After Baldacci approved the new financing structure in April, a political action committee backed by beverage companies and the Maine State Chamber of Commerce, called Fed Up With Taxes, ran an aggressive campaign to repeal the taxes. The group gathered more than 90,000 signatures to get the tax repeal on the ballot as a people’s veto question, and spent an estimated $3.5 million on their campaign.  They focused their advocacy on taxes, not health coverage. The opposing coalition, Health Coverage for Maine, argued that a tax increase on beverages that can contribute to poor health was a sensible way to fund a health program and that it was necessary to help support the 18,000 people who have coverage through Dirigo. Baldacci urged Maine voters to oppose the repeal but Health Coverage for Maine had just $440,000 to support a campaign opposing the tax repeal. Voters opted, by a wide margin, to repeal the new taxes. This means that Dirigo will continue to be funded through the SOP system, although this funding mechanism for 2009 again has been challenged in court.[vi]

Maine’s health care reform has encountered obstacles along the way. These include lower than expected revenues, which resulted in lower DirigoChoice enrollment numbers, a cap being placed on the program, and controversy over funding sources. Nonetheless, the state has made considerable progress in increasing its rate of insured residents, combating escalating health care costs, and creating the framework for a more cost-effective and efficient health care system.

Among the six New England states, Maine had the highest rate of uninsured residents prior to Dirigo, but by 2006 had the lowest rate among those states. Massachusetts then replaced Maine as the New England state with the lowest rate of uninsured after introducing its own health reform legislation, but the rate of uninsured Maine residents continues to fall. Similarly, Maine had the highest average annual growth in premiums of any state in New England before Dirigo, but has had the lowest in the region since enactment of their reforms.[vii]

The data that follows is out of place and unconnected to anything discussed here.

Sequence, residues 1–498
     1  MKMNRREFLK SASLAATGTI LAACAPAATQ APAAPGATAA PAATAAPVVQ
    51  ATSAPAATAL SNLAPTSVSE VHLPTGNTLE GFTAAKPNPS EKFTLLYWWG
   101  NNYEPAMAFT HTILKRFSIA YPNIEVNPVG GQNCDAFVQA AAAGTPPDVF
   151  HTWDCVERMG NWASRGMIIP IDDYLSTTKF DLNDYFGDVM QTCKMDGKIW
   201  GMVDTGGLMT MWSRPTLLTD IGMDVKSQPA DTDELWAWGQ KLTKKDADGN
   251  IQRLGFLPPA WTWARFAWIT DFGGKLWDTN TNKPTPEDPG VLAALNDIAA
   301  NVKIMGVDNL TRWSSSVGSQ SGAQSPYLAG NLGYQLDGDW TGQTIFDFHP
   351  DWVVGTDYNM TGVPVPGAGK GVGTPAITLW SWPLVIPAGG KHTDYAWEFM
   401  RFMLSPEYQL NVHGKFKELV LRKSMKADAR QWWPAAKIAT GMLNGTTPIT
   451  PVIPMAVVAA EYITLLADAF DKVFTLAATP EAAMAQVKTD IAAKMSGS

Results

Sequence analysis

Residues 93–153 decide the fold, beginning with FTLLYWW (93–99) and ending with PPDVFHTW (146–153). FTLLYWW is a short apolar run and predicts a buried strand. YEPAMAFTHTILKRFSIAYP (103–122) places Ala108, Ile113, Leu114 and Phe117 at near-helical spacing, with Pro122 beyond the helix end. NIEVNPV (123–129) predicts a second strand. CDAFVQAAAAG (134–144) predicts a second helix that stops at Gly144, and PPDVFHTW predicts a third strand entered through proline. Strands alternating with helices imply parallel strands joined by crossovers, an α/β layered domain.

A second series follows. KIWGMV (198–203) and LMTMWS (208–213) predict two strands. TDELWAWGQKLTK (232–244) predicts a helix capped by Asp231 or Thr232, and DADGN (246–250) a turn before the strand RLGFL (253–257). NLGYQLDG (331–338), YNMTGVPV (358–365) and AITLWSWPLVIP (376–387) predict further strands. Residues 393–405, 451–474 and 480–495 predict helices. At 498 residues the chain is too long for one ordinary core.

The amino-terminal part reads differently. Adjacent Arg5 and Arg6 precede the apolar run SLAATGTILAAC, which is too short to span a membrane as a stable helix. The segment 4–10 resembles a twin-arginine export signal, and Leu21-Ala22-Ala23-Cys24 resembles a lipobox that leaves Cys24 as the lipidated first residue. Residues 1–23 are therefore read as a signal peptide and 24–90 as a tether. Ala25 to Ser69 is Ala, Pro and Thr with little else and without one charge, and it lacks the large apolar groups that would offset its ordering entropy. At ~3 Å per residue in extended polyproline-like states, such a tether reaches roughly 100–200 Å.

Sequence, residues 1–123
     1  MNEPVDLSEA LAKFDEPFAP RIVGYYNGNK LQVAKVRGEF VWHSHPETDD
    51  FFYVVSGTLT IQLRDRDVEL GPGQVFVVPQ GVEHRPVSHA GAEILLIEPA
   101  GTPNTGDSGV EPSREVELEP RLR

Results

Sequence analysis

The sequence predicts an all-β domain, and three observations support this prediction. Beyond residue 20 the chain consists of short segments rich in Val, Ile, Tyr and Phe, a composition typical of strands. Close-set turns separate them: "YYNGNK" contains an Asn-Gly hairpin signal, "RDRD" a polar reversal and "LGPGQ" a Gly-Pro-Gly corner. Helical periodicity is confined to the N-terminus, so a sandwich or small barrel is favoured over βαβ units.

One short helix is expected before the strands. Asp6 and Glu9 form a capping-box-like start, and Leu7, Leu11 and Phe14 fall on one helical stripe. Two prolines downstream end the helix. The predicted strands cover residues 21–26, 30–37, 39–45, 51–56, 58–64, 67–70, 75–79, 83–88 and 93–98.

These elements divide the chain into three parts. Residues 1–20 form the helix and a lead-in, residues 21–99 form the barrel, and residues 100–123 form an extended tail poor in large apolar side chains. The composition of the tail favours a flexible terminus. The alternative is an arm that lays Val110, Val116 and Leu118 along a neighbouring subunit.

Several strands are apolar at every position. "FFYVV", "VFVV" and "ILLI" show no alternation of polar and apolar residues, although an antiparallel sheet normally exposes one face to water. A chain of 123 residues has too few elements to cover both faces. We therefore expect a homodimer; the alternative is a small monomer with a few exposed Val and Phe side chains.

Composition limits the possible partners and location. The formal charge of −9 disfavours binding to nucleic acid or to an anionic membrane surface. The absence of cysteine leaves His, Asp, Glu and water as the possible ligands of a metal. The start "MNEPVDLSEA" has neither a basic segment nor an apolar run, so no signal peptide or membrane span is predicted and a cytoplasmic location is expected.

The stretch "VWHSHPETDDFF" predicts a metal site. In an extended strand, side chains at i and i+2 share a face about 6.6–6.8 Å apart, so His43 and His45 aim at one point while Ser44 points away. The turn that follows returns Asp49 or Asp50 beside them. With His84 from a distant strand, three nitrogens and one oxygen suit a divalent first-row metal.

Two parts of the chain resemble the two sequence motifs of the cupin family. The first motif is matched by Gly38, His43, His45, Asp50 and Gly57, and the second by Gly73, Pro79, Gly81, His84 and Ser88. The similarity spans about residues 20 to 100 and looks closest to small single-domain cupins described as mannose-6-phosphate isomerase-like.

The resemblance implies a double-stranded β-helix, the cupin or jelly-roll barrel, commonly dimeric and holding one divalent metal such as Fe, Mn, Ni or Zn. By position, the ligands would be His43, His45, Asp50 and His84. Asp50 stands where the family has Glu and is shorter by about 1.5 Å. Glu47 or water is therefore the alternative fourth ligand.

Maine has made significant progress in health reform but the positive developments have largely been overshadowed by conflict over program financing, and it appears that Maine will enter 2009 with continued controversy in this area.

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[i] “Maine’s Dirigo Health Reform Experiment Five Years On: An Executive Summary of Status and Achievements,” Governor’s Office of Health Policy and Finance, September 2008.
[ii] Ibid.
[iii] “Results of Some Notable Ballot Measures,” The Associated Press, November 5, 2008.
[iv] “Maine Passes Funding Package for DirigoChoice Health Plan,” St@teside, State Coverage Initaitives, May 2008, available at
[v] “Maine’s Dirigo Health Reform Experiment Five Years On: An Executive Summary of Status and Achievements,” Governor’s Office of Health Policy and Finance (September 2008).
[vi] Cover, S.M. “Voters Strongly Support Beverage Tax Repeal,” Kennebec Journal, November 5, 2008; “Maine Governor: No on Tax Repeal,” The Boston Globe, November 1, 2008.
[vii] Ibid.